A brain-eating amoeba is called Naegleria Fowleri. It is fatal because it usually results in death 3 to 7 days following the onset of symptoms. Although the first instance of the brain-eating amoeba was discovered in Australia, it is thought to have originated in the United States. Warm water sources, slowly moving rivers, untreated swimming pools, and untreated drinking water supplies are all places where it can be found. It enters the body through the nose and can result in a coma, seizures, changed mental status, headache, fever, stiff neck, loss of appetite, and vomiting. It can even cause death. Naegleria Fowleri is known as the "brain-eating amoeba" because it consumes brain tissue. It results in primary amoebic meningoencephalitis, a risky infection (PAM).
Recently, A 50-year-old person just passed away in South Korea as a result of this deadly virus. He is thought to have brought this Naegleria Fowleri illness with him from Thailand, where he spent 4 months before coming back to South Korea. Microscopic Naegleria Fowleri is present. The Nagleria Fowleri infection is challenging to diagnose. Only when a doctor suspects PAM and suggests a biopsy will specialized lab testing be used to find the amoeba in the patient's cerebrospinal fluid. Not every laboratory performs specific tests. PAM is uncommon and challenging to identify and detect; 75% of diagnoses are typically made after the disease has claimed a victim's life. The correct treatment of municipal water or swimming pools can stop this dangerous infection.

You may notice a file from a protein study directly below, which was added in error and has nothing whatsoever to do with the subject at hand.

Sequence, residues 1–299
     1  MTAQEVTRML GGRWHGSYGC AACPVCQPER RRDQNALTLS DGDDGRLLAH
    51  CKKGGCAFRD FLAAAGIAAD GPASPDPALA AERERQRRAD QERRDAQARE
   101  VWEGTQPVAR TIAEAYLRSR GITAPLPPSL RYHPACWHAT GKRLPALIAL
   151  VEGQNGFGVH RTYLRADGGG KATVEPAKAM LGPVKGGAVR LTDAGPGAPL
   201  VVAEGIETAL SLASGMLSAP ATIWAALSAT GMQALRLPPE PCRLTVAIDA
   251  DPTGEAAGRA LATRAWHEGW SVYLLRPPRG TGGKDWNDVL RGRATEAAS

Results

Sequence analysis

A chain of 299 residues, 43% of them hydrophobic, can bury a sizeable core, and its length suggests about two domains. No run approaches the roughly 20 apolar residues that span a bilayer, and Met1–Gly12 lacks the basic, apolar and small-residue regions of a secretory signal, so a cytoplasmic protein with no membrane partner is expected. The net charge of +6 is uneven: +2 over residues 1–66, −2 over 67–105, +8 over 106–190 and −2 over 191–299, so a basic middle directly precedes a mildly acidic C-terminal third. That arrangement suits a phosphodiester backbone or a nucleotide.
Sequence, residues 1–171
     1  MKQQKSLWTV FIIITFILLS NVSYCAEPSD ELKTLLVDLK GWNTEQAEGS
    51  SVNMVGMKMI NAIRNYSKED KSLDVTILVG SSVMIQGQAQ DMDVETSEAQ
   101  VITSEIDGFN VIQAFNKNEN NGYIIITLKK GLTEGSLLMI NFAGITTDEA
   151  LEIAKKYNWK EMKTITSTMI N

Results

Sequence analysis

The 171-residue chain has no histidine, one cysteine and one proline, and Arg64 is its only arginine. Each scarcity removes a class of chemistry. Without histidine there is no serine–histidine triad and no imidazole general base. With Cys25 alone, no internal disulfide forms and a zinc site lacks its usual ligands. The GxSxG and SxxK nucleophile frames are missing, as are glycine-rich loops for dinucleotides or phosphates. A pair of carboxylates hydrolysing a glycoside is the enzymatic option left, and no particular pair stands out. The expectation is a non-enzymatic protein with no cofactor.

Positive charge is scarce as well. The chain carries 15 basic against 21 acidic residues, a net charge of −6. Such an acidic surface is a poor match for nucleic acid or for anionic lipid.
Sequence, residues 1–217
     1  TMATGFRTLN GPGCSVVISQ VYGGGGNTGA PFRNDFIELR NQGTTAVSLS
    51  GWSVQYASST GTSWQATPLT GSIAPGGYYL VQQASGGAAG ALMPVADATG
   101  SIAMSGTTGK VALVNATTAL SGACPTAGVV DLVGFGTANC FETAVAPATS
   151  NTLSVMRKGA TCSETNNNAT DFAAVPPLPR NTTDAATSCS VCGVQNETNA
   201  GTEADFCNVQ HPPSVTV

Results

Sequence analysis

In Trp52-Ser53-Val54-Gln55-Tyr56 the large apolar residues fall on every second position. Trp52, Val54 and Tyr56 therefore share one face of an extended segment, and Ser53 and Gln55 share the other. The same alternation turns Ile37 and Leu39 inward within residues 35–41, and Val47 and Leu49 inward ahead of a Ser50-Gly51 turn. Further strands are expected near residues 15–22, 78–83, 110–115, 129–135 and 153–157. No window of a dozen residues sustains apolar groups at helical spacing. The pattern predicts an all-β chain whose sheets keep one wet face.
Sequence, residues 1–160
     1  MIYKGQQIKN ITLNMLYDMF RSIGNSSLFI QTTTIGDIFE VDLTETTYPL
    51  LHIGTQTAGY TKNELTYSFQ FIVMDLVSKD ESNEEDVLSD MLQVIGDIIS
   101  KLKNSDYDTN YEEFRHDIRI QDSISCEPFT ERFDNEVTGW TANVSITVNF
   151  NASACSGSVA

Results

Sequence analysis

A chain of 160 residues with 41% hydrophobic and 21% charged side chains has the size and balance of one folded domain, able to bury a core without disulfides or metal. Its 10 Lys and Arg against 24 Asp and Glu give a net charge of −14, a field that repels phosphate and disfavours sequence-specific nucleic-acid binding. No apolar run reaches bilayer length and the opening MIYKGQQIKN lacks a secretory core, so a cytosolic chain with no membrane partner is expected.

Naegleria Fowleri has so far been identified as the source of PAM in over 16 nations, including India, and has been discovered on all continents. The CDC predicts that as temperatures rise around the world, more people will become infected with Naegleria Fowleri since the amoeba primarily lives in warm freshwater bodies. The organism may sometimes survive at even greater temperatures and thrives best in high temperatures up to 46 °C.